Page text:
- table saw (in case you use construction lumber and want to cut off round edges for it to look more professional)
- Kreg Jig
- Right angle Kreg jig clamp
- Orbital sander
- Speed square
- Jigsaw if you would like to add a sideboard
- Spray painter (I sweat by this one)
I have a detailed breakdown of actual cuts and a suggested diagram of how to use the wood in the most efficient way. You can find it in the plan here.
Make pocket holes, I made 4 on each side of the shorter side of the frame. I used 2 ½" pocket holes screws. For additional security, you can also glue it together. I didn't want to do that since I made frames in the garage and wasn't sure if they fit on the staircase to the second floor (where the bedroom is).
Disclaimer: I was right in my predictions and the frame was too big to get through the stairs, so I had to partially disassemble it to get to the second floor. As you can imagine, I was very happy that I didn't glue it all together.
Attach precut sides to create a bottom frame for our full over full bunk bed. Don't forget to use a speed square to ensure a perfect 90-degree angle.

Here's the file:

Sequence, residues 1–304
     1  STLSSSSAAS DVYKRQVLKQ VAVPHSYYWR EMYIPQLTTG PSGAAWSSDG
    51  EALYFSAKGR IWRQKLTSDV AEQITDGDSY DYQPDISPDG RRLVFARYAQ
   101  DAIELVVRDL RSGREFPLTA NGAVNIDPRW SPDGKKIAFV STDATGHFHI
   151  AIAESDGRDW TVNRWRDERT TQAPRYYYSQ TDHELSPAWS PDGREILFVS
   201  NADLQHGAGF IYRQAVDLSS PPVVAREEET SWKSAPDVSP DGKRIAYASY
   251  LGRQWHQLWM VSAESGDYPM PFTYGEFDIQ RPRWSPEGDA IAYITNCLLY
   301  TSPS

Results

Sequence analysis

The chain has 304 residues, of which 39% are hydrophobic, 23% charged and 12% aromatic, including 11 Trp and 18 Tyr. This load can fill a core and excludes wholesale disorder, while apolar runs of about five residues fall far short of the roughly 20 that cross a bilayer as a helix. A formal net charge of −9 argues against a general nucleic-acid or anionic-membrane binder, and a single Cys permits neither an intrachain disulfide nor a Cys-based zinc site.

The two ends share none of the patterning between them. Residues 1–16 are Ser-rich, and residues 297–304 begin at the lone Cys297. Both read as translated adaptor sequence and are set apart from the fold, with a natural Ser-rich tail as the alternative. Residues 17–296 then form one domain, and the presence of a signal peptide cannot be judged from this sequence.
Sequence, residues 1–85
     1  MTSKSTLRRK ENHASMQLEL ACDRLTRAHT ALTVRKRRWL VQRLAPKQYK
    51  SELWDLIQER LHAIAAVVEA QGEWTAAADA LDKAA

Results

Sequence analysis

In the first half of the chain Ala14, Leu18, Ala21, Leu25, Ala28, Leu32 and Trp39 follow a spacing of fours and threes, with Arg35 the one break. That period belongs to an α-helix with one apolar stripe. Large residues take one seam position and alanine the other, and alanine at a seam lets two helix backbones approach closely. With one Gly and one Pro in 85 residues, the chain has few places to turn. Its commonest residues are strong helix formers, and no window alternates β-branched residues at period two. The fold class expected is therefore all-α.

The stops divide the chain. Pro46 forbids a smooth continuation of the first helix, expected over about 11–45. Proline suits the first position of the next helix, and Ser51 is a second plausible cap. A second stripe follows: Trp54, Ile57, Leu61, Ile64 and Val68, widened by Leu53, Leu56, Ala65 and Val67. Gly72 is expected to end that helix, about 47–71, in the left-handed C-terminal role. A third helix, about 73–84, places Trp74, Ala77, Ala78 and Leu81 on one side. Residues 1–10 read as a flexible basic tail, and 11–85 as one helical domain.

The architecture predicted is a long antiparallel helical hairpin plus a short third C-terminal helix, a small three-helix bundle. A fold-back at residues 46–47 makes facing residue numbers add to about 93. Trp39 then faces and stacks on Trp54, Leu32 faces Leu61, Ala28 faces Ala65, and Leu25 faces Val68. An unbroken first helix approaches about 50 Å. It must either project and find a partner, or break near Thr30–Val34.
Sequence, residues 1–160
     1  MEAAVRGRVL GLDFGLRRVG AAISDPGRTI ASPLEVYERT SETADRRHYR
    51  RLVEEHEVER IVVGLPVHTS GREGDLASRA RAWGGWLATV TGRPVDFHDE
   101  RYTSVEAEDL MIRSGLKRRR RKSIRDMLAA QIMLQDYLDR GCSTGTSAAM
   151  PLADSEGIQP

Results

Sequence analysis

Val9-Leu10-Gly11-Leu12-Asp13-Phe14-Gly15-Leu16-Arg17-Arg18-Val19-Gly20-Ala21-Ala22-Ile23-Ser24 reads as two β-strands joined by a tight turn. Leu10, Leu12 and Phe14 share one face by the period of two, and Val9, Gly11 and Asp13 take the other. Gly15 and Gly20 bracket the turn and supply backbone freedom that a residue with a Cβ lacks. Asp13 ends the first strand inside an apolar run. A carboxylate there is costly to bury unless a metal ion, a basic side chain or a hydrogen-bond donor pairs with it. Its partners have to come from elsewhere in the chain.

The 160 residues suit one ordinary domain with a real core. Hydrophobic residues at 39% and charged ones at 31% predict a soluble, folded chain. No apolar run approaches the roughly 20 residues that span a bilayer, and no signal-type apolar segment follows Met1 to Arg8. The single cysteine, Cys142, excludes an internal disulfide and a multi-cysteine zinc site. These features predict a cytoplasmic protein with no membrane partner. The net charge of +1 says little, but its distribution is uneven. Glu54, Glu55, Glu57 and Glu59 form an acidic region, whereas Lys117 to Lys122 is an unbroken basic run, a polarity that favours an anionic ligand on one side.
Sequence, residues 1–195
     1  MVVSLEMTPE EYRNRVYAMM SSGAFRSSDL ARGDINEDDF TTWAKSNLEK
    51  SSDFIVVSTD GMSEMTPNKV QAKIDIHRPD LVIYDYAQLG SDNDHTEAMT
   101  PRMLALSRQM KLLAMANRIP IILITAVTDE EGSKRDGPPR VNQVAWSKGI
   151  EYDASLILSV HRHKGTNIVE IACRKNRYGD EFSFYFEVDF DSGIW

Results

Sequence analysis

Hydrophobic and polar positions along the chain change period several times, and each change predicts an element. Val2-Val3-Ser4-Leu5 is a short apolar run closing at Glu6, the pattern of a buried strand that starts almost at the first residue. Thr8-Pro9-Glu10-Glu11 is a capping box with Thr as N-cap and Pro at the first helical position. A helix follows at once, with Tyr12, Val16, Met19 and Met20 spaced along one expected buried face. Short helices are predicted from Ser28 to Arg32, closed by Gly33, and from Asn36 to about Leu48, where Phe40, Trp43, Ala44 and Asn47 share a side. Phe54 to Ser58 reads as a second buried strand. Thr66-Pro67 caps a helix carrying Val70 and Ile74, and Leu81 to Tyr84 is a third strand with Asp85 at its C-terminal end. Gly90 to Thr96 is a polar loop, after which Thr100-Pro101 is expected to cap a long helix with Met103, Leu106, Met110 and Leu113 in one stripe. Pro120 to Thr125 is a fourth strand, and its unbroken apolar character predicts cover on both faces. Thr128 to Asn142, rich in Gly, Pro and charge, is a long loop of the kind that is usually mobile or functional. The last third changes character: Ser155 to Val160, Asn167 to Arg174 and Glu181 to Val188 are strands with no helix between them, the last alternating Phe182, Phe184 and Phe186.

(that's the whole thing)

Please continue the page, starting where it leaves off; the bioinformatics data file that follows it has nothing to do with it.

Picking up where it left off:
Step 2. Build a top bunk frame
Follow the first step to make an identical frame for the top bunk. When it's finished, attach the slat supports. I was debating rather add one 2x4" in the middle or two and I think it was the right choice to make 2 supports in the middle. I also added two 2x2"s on the sides to hold the slats for the mattress.
***I didn't add any slats on the bottom since our mattress for the bottom bunk is very thick -10" in height and I didn't want to take up extra space between two floors. If you are not short on the height of the ceilings (remember, I have that angled roof), then you could elevate the mattress and create slats for the bottom as well.
Step 3. Build legs
Take 2x4"s part of the leg and drill pocket holes throughout every 10". I think I made about 5-6 pocket hole screws on each leg. When you are done, attach it using pocket hole screws and glue to the 2x6"s part of the leg.
I used construction screws 2 ½" with a star drive head. On each leg from inside of both parts of the leg, I added about 5-6 screws. It's so sturdy, I think elephants could jump on it haha. I mean, there is no way for me to prove it but it's quite sturdy. Always check with a speed square for the right angle.
Step 5. Add scraps